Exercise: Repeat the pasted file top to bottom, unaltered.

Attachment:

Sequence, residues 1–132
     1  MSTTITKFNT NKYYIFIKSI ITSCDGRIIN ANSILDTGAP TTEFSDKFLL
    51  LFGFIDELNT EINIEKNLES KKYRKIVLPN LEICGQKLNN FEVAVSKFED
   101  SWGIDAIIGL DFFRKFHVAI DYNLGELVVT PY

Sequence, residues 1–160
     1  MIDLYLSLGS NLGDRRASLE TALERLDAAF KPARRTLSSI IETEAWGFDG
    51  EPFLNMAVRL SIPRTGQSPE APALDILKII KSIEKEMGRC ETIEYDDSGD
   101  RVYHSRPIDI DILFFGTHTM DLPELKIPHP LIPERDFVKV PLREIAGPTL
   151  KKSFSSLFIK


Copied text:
Sequence, residues 1–132
     1  MSTTITKFNT NKYYIFIKSI ITSCDGRIIN ANSILDTGAP TTEFSDKFLL
    51  LFGFIDELNT EINIEKNLES KKYRKIVLPN LEICGQKLNN FEVAVSKFED
   101  SWGIDAIIGL DFFRKFHVAI DYNLGELVVT PY

Sequence, residues 1–160
     1  MIDLYLSLGS NLGDRRASLE TALERLDAAF KPARRTLSSI IETEAWGFDG
    51  EPFLNMAVRL SIPRTGQSPE APALDILKII KSIEKEMGRC ETIEYDDSGD
   101  RVYHSRPIDI DILFFGTHTM DLPELKIPHP LIPERDFVKV PLREIAGPTL
   151  KKSFSSLFIK